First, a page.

This book presents material identified in the Computing Curricula 1991 report of the ACM/IEEE-CS Joint Curriculum Task Force. The book specifically addresses the following knowledge units: AL1: Basic Data structures, AL2: Abstract Data Types, AL3: Recursive Algorithms, AL4: Complexity Analysis, AL6: Sorting and Searching, and AL8: Problem-Solving Strategies. The breadth and depth of coverage is typical of what should appear in the second or third year of an undergraduate program in computer science/computer engineering.
In order to analyze a program, it is necessary to develop a model of the computer. Chapter develops several models and illustrates with examples how these models predict performance. Both average-case and worst-case analyses of running time are considered. Recursive algorithms are discussed and it is shown how to solve a recurrence using repeated substitution. This chapter also reviews arithmetic and geometric series summations, Horner's rule and the properties of harmonic numbers.
Chapter introduces asymptotic (big-oh) notation and shows by comparing with Chapter that the results of asymptotic analysis are consistent with models of higher fidelity. In addition to , this chapter also covers other asymptotic notations ( , and ) and develops the asymptotic properties of polynomials and logarithms.
Chapter introduces the foundational data structures--the array and the linked list. Virtually all the data structures in the rest of the book can be implemented using either one of these foundational structures. This chapter also covers multi-dimensional arrays and matrices.
Chapter deals with abstraction and data types. It presents the recurring design patterns used throughout the text as well a unifying framework for the data structures presented in the subsequent chapters. In particular, all of the data structures are viewed as abstract containers.
Chapter discusses stacks, queues and deques. This chapter presents implementations based on both foundational data structures (arrays and linked lists). Applications for stacks and queues and queues are presented.
Chapter covers ordered lists, but sorted and unsorted. In this chapter, a list is viewed as a searchable container. Again several applications of lists are presented.
Chapter introduces hashing and the notion of a hash table. This chapter addresses the design of hashing functions for the various basic data types as well as for the abstract data types described in Chapter . Both scatter tables and hash tables are covered in depth and analytical performance results are derived.
Chapter introduces trees and describes their many forms. Both depth-first and breadth-first tree traversals are presented. Completely generic traversal algorithms based on the use of the visitor design pattern are presented, thereby illustrating the power of algorithmic abstraction. This chapter also shows how trees are used to represent mathematical expressions and illustrates the relationships between traversals and the various expression notations (prefix, infix and postfix).
Chapter addresses trees as searchable containers. Again, the power of algorithmic abstraction is demonstrated by showing the relationships between simple algorithms and balancing algorithms. This chapter also presents average case performance analyses and illustrates the solution of recurrences by telescoping.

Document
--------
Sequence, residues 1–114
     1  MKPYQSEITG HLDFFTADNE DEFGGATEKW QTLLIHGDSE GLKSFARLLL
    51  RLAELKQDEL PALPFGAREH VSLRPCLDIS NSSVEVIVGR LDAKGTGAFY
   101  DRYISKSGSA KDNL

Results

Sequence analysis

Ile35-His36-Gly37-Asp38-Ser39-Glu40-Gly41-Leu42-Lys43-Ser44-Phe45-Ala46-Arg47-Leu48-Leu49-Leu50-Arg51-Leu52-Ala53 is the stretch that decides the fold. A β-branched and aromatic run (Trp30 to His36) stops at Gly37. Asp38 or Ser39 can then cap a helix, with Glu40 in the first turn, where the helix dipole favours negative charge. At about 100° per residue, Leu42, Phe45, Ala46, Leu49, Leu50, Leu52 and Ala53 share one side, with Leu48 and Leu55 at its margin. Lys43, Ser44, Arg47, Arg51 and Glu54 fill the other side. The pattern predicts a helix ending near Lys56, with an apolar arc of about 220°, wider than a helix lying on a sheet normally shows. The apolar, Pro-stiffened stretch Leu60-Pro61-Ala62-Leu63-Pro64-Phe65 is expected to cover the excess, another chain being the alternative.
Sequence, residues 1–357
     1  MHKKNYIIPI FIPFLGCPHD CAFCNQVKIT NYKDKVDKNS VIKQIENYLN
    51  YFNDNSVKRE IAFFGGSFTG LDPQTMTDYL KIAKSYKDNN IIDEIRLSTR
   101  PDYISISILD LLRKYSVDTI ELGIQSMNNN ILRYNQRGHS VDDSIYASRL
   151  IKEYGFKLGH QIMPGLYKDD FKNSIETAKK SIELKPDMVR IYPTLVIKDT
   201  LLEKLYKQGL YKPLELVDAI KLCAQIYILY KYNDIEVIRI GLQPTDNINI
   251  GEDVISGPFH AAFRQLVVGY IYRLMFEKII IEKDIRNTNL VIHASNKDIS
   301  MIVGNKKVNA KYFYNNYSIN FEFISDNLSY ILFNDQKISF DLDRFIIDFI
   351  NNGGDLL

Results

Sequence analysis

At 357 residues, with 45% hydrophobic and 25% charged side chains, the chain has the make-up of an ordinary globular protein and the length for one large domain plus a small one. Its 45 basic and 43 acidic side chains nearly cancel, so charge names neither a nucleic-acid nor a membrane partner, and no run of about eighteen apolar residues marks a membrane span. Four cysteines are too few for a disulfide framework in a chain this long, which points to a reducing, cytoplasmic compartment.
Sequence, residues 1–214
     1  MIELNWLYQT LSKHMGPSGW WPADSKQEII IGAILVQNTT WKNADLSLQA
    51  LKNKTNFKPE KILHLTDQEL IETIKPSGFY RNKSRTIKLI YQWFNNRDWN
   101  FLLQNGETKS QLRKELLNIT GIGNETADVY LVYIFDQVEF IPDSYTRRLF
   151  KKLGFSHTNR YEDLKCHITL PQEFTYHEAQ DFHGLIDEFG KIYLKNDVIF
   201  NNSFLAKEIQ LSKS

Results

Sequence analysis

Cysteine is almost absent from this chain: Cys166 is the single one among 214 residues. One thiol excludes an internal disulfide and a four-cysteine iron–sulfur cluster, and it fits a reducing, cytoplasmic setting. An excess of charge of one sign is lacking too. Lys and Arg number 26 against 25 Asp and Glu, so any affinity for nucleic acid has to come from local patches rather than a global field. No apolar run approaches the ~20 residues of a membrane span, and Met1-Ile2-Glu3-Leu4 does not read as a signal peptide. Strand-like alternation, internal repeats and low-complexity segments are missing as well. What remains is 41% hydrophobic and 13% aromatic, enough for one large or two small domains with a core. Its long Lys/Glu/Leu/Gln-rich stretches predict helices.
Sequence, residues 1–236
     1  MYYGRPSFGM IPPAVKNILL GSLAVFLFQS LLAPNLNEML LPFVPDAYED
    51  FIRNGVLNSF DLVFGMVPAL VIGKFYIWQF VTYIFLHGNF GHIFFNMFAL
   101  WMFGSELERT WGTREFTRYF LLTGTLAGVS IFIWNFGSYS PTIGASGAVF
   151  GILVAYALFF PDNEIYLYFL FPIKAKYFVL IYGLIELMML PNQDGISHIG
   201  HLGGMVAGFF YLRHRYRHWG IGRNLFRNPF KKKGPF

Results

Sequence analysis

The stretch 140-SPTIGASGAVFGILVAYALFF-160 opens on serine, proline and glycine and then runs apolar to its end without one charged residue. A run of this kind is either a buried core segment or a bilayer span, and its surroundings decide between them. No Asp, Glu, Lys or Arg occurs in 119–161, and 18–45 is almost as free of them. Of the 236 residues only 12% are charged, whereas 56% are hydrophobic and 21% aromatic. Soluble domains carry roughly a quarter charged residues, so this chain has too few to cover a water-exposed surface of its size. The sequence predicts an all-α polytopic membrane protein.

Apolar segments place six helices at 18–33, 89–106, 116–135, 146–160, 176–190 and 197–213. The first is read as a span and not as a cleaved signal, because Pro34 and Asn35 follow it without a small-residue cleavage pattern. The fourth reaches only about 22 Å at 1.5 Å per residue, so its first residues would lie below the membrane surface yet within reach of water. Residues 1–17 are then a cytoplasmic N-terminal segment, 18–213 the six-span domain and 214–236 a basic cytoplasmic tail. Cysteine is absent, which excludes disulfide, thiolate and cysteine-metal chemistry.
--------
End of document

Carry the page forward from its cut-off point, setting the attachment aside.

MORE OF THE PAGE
Chapter presents several priority queue implementations, including binary heaps, leftist heaps and binomial queues. In particular this chapter illustrates how a more complicated data structure (leftist heap) extends an existing one (tree). Discrete-event simulation is presented as an application of priority queues.
Chapter covers sets and multisets. Also covered are partitions and disjoint set algorithms. The latter topic illustrates again the use of algorithmic abstraction.
Techniques for dynamic storage management are presented in Chapter . This is a topic that is not found often in texts of this sort. However, the features of C++ which allow the user to redefine the new and delete operators make this topic approachable.
Chapter surveys a number of algorithm design techniques. Included are brute-force and greedy algorithms, backtracking algorithms (including branch-and-bound), divide-and-conquer algorithms and dynamic programming. An object-oriented approach based on the notion of an abstract solution space and an abstract solver unifies much of the discussion. This chapter also covers briefly random number generators, Monte Carlo methods, and simulated annealing.
Chapter covers the major sorting algorithms in an object-oriented style based on the notion of an abstract sorter. Using the abstract sorter illustrates the relationships between the various classes of sorting algorithm and demonstrates the use of algorithmic abstractions.
Finally, Chapter presents an overview of graphs and graph algorithms. Both depth-first and breadth-first graph traversals are presented. Topological sort is viewed as yet another special kind of traversal. Generic traversal algorithms based on the visitor design pattern are presented, once more illustrating algorithmic abstraction. This chapter also covers various shortest path algorithms and minimum-spanning-tree algorithms.
At the end of each chapter is a set of exercises and a set of programming projects. The exercises are designed to consolidate the concepts presented in the text. The programming projects generally require the student to extend the implementation given in the text.